Travelledtheworld, our children sound very similar :>) Apparently there was a letter that she swears she gave me but I know she didn't.We had a row yesterday over this as I had been treating this as a serious thing whereas all I had to do was set up a placement with a family member at their workplace. . . who knew?!?! I am not in touch with any of my family apart from my brother who is a courier and my husband has family living away .Both of our work is not suitable.He works in maintenance, I am starting a brand new job(temporary) that I might not be in next yr, so can't ask at my school.I don't even know when she is meant to be doing it.The woman in charge of placements at the hospital emailed me back and it looks like she might be able to do a non-clinical placement but I can't do much as I have no dates.The apathy is really getting to me AARRRGGGHHH!!!!

lostinteaching47 Thu 31-Oct-13 09:21:48

Flow4, yes she does want a job, she has been trying to get a paper round but there are not many newsagents round here.Thats a thought, there is an abundance of hairdressers though.

trottingon Thu 31-Oct-13 09:22:10

I was a work experience coordinator in a previous life and it seemed that all the local school sent their Yr 10s out on the same week. I was overrun with requests, letters, emails. Seems that you need to take a pro active approach and work with her on this one....

It can be a positive learning process, i.e. some children wrote CVs with covering letters, we interviewed them to develop their skills and confidence. It is a worthwhile process if used correctly.

At the other end of the spectrum you have Yr 10 children photocopying and making tea all week!!
Good Luck!!

lostinteaching47 Thu 31-Oct-13 09:38:56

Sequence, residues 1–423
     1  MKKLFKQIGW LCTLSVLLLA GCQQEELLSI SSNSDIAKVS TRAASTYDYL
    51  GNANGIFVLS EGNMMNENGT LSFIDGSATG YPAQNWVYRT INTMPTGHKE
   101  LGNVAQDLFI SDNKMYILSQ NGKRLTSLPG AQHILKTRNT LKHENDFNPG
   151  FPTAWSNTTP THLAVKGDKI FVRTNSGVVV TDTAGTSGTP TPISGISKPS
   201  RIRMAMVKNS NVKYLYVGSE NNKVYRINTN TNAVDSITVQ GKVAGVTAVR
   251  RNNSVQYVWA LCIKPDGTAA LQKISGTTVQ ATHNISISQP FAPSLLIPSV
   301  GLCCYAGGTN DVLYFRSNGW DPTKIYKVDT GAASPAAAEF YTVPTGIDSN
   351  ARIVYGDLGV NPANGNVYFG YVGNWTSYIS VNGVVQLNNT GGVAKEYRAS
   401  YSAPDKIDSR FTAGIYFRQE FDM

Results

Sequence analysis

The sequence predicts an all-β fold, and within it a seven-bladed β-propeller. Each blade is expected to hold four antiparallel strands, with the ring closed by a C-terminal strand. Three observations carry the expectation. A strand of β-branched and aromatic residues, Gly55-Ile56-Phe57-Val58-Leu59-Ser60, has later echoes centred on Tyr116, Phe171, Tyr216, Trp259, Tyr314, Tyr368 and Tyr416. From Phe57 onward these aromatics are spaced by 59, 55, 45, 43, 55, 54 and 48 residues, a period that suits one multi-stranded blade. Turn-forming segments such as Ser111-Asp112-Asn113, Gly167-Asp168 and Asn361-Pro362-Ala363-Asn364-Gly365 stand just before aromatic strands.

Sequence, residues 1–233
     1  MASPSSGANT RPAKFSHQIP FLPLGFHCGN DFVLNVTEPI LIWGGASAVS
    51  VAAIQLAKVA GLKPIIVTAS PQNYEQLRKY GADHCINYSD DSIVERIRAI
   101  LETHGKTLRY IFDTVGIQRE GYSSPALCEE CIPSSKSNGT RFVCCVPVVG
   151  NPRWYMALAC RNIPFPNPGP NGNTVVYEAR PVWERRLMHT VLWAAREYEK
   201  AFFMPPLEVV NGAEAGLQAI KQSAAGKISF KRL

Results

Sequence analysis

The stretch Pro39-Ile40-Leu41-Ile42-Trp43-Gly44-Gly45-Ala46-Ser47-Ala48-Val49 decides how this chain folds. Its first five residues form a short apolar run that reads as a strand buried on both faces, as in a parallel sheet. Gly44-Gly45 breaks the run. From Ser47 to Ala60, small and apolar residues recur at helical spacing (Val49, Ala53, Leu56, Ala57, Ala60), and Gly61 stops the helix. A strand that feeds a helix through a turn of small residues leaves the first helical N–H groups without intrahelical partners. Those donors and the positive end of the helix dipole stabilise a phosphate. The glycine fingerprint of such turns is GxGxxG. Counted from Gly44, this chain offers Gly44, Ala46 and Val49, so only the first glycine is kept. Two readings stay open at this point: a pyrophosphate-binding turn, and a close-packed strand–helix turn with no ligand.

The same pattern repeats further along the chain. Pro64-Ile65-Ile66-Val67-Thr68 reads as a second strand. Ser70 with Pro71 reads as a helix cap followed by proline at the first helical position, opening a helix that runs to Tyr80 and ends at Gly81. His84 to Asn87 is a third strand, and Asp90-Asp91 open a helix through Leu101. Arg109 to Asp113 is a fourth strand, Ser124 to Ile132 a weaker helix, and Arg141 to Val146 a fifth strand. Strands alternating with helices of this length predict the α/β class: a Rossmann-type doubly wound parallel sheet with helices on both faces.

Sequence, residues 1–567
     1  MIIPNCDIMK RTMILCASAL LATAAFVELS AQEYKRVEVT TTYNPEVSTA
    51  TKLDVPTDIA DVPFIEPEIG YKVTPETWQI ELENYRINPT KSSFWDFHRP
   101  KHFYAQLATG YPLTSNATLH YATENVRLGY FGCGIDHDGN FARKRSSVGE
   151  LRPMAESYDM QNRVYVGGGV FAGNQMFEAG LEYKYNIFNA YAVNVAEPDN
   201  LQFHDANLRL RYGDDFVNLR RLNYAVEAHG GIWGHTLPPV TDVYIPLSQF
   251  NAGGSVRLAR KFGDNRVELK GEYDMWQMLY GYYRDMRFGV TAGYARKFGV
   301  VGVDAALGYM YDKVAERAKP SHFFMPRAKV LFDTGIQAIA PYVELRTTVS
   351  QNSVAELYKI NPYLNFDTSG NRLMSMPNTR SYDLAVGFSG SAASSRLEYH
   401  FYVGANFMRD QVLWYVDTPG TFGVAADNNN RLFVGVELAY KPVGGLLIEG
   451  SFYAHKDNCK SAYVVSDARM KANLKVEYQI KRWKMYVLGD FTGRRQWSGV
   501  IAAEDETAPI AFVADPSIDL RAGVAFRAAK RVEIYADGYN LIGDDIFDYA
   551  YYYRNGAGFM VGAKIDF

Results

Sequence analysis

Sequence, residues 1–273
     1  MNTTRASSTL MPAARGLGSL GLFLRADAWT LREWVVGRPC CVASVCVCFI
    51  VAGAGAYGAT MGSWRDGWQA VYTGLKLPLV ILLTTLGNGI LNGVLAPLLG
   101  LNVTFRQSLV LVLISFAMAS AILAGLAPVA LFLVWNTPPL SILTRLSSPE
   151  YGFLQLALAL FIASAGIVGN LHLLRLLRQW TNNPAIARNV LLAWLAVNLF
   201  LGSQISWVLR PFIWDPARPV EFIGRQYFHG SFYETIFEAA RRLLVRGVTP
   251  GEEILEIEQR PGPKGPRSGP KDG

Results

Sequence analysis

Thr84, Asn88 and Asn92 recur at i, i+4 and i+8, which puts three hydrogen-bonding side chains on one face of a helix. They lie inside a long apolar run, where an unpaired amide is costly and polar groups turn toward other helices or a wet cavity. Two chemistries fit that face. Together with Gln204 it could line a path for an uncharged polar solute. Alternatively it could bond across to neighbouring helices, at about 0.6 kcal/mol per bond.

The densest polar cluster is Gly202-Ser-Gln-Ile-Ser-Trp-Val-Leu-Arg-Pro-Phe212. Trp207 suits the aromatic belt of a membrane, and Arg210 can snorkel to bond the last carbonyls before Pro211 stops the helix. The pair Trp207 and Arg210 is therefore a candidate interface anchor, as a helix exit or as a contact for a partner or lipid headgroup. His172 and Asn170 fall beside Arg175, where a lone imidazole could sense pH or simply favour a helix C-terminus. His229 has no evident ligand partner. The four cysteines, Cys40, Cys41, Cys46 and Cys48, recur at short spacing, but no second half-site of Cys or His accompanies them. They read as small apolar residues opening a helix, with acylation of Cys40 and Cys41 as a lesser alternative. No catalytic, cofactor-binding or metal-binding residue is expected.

Thanks trottingdon, that's useful to hear.She doesn't even know how to make a decent cup of tea yet (blushes) she doesn't drink it but needs to learn how as she helps out in a charity shop on a Sunday as part of her DOE and that I think will be one of her duties.

Pliudev Tue 03-Dec-13 00:12:31

There seem to be some positive contributions here but I must say work experience turned out to be pretty pointless for my sons. The eldest was obsessed by rock music and wanted to go to a recording studio so the school sent him to an estate agents ( we weren't allowed to make arrangements ourselves). The most memorable event was when, showing potential buyers round a property, they came across a large patch of cannabis in the garden. My son was instructed by the agent to employ 'diversionary tactics'. I'm not sure what they were but, come to think of it, I suppose that was pretty rock and roll.

Travelledtheworld Tue 03-Dec-13 09:27:00

Pliudev LOL !

Great example of work experience.

What did he do with the cannabis . Set up a business ?!

TheOriginalNutcracker Tue 03-Dec-13 09:40:57

I'd try and use someone reccomended, who have had students before if possible.

Only reason I say that is because last year dd1 arranged hers at a local hairdressers herself, and although they had college students, they'd not had school pupils before.

Dd only did 2 days out of the two weeks. They had her walking the owners dogs, cleaning up dog piss from the shop floor and constantly going back and forth to the shop for them.

After the second day we contacted the school and they said not to return as they were clearly taking the mick. The school then got her in with a local childminder for the remainder of the time, and dd absolutly loved it.

auntpetunia Wed 04-Dec-13 21:44:43

My DS has his work experience next summer he wants to be a science teacher, he contacted a high school out of our LEA which is near where I work and asked if he could do his work experience in the science department, he's been accepted and told he'll be working with years 7,8 & 9. He's very excited. It has the added advantage that he won't know any of the kids so will hopefully be taken seriously and I can give him a lift. I'm quite proud of how organised he's been. Hope your daughter gets sorted OP.

Freckletoes Mon 06-Jan-14 00:16:29

My DH is a vet and their rules regarding school students have changed for insurance reasons-they can only take kids aged 16 or above now! Also vet students have to do placements at practices so depending on when she is looking to go they may be full of students. I think it is the same in a lot of places now re insurance too which makes finding school work experience placements a bit of a challenge!